This was the kind of performance U.S. Soccer was hoping for on a regular basis when it hired Jurgen Klinsmann as Bob Bradley's replacement. The U.S. Men's National Team thumped Scotland, 5-1, on Saturday night in Jacksonville thanks for Landon Donovan's hat-trick and a dominate performance in the midfield.
Here's how the U.S. players rated on the night (1-10, 10 being the best and 1 being the worst)
Tim Howard (6): The lone goal Scotland scored was an own goal that Howard had no chance of saving. He was solid when he needed to be, but his distribution out of the back still needs work for a top-caliber goalkeeper. At times, Howard tried to play the ball out on the ground, but made poor decisions with where and how was getting the pass there.
Steve Cherundolo (6.5): Cherundolo doesn't look a day over 24; too bad for Klinsmann the 33-year-old defender is long past 24 because he is still the best option the U.S. has at right back. His game was solid, but not outstanding. His overlapping was great and his defense sturdy, but he struggled at times in his own half with clearances.
Geoff Cameron (5.5): The own goal tarnishes what was an otherwise very good performance from Cameron. The center back needed to stay closer to Kenny Miller when the cross came in that lead to the own goal. Cameron can't get away with leaving his mark at all on the international stage; otherwise, more goals will come.
Carlos Bocanegra (capt.) (6.): Again, there wasn't any trouble with Bocanegra's game. The defense did what it was supposed to and held Scotland toothless save the one goal, but Bocanegra's passing still isn't his strong suit of the back. If Klinsmann wants this revolution of attacking, eye-pleasing soccer to grow, he needs his defense to be sure of their feet on the ball and work it out of the back better.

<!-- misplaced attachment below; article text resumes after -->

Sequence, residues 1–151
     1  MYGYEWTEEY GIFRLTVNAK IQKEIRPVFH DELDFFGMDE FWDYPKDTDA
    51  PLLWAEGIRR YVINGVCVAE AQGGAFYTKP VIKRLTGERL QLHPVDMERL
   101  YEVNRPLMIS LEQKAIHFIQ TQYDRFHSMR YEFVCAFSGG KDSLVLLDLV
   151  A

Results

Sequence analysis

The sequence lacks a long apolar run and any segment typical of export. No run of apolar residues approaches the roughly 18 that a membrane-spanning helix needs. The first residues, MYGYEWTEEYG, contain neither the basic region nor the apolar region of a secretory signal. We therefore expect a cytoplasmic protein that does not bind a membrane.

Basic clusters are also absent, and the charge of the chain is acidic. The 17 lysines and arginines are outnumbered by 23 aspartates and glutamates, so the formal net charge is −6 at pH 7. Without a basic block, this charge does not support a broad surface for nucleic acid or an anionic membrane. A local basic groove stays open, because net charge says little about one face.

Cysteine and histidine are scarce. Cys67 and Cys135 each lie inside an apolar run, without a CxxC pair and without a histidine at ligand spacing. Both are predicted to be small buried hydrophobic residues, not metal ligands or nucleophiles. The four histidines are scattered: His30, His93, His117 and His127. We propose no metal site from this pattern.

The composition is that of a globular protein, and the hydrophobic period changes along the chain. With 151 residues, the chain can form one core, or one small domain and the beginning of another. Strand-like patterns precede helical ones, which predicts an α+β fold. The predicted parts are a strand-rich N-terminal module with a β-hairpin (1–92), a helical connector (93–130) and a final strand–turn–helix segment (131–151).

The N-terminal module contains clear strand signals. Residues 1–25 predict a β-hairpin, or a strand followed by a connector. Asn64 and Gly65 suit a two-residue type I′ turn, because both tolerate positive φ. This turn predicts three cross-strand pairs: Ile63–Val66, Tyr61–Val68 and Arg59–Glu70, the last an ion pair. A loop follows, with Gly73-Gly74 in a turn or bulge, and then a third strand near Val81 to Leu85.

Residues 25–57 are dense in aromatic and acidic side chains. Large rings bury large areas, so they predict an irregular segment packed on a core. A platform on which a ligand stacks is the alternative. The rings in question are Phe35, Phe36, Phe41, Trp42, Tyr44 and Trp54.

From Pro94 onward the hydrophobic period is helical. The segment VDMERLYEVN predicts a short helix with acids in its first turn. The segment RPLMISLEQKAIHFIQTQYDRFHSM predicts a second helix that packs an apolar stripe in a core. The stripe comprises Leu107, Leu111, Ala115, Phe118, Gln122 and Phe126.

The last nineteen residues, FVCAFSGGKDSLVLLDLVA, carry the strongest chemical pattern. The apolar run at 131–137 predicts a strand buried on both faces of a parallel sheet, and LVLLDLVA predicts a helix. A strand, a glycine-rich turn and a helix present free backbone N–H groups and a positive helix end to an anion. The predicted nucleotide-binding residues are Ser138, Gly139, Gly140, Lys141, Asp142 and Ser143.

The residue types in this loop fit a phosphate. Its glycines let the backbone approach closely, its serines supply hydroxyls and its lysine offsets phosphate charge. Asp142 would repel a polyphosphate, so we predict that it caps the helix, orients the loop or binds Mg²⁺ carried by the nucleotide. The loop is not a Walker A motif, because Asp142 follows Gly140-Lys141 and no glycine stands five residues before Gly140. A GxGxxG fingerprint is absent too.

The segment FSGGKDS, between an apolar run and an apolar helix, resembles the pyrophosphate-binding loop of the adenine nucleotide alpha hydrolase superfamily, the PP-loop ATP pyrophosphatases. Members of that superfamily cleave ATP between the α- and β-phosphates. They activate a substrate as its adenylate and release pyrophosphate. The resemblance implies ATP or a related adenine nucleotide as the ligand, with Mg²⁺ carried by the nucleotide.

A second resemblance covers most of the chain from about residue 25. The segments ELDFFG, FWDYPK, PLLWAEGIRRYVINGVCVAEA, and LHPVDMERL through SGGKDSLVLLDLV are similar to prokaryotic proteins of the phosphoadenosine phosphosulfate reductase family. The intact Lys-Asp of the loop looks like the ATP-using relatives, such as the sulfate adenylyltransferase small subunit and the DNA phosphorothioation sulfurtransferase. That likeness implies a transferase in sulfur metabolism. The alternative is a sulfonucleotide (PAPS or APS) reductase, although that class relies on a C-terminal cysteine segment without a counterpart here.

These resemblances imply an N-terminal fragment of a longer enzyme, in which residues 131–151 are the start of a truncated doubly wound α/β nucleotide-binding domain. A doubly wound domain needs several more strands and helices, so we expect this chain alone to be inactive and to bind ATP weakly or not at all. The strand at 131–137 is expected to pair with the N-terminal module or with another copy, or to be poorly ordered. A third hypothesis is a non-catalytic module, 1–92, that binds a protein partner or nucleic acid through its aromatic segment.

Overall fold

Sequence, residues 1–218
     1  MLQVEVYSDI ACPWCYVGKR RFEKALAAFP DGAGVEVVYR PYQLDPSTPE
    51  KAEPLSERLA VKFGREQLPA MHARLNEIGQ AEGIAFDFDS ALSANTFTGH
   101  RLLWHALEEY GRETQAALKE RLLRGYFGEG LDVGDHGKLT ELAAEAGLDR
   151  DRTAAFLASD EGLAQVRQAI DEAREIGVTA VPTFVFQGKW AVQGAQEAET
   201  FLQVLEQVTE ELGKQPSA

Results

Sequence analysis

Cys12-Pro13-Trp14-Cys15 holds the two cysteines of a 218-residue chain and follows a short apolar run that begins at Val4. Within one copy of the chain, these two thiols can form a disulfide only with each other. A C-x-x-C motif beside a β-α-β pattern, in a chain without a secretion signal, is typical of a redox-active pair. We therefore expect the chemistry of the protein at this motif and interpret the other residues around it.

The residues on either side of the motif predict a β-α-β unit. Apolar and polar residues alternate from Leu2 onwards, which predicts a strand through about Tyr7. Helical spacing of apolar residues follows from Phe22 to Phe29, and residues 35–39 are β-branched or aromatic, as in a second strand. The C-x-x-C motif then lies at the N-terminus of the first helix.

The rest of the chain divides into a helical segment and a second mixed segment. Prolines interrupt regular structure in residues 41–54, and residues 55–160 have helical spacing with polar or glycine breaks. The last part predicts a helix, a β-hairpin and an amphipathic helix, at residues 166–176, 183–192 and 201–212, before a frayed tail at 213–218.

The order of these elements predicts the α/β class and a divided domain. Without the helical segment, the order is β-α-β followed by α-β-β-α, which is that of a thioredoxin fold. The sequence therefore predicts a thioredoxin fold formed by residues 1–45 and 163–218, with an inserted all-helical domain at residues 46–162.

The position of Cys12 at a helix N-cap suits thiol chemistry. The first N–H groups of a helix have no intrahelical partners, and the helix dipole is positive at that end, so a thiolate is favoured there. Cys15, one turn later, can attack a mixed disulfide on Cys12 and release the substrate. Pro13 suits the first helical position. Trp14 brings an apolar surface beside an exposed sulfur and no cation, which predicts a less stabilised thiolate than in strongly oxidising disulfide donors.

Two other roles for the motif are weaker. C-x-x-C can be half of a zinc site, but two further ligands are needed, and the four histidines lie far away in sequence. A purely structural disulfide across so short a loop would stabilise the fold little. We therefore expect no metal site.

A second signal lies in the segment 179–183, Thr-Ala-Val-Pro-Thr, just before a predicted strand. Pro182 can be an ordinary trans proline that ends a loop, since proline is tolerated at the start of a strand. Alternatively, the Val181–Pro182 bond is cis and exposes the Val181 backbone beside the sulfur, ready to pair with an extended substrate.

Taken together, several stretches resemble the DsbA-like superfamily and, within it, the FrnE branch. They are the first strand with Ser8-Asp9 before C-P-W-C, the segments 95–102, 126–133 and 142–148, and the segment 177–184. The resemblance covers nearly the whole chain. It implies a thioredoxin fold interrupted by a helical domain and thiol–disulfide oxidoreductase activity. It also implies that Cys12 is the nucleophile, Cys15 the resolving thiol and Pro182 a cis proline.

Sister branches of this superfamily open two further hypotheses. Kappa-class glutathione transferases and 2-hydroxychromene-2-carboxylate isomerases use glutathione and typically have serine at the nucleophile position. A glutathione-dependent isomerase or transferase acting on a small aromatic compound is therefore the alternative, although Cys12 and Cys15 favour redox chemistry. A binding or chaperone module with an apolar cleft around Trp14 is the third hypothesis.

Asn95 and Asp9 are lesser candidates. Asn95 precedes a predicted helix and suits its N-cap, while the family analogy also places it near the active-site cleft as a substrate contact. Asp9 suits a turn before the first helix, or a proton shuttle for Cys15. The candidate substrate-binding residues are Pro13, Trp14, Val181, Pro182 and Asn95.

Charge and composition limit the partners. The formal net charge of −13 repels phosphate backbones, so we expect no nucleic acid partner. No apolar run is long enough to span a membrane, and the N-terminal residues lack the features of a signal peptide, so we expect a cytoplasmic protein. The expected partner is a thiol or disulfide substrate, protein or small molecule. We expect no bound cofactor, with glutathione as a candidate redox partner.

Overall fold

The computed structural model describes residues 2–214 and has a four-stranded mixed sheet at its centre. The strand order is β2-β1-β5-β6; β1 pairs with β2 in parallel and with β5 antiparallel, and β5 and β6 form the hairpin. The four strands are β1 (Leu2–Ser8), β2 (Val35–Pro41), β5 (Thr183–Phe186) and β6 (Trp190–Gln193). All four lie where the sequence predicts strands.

Fabian Johnson (7): Johnson has solidified himself as the USMNT first-choice left back, which isn't saying much because the depth there is slim to say the least.The converted midfield had another solid game getting up-and-down the left flank. He took advantage of Jose Torres' movement inside and found plenty of space to get forward and push Scotland's midfielders deep. Now the real test comes against Brazil on Wednesday; let's see how he fairs coming off a solid game.
Maurice Edu (5.5): Edu made some great tackles and was tight in the midfield as the anchor, but he was sloppy in possession more than once, and that can't happen against better opponents.
Michael Bradley (8): Bradley was the engine and the creator in the midfield three. His positioning and passing were superb. Moving to play in Serie A has been a blessing for the midfielder as his game has stepped up to a new level since the move to Chievo.
Jermaine Jones (6): If it weren't for a lenient referee, Jones could have seen himself to the exit, or at least picked up a card and had to be substituted. Jones was all action and scored a wonderful goal, but his chippy play can be costly in big games. He needs to know when to tone it down and when to turn it on still. He also needs to learn to speed the game up in the attacking-third, not slow it down. Klinsmann wants one or two touches on the ball; too often, Jones stepped on the ball and slowed the game down so much that his teammates stood around watching.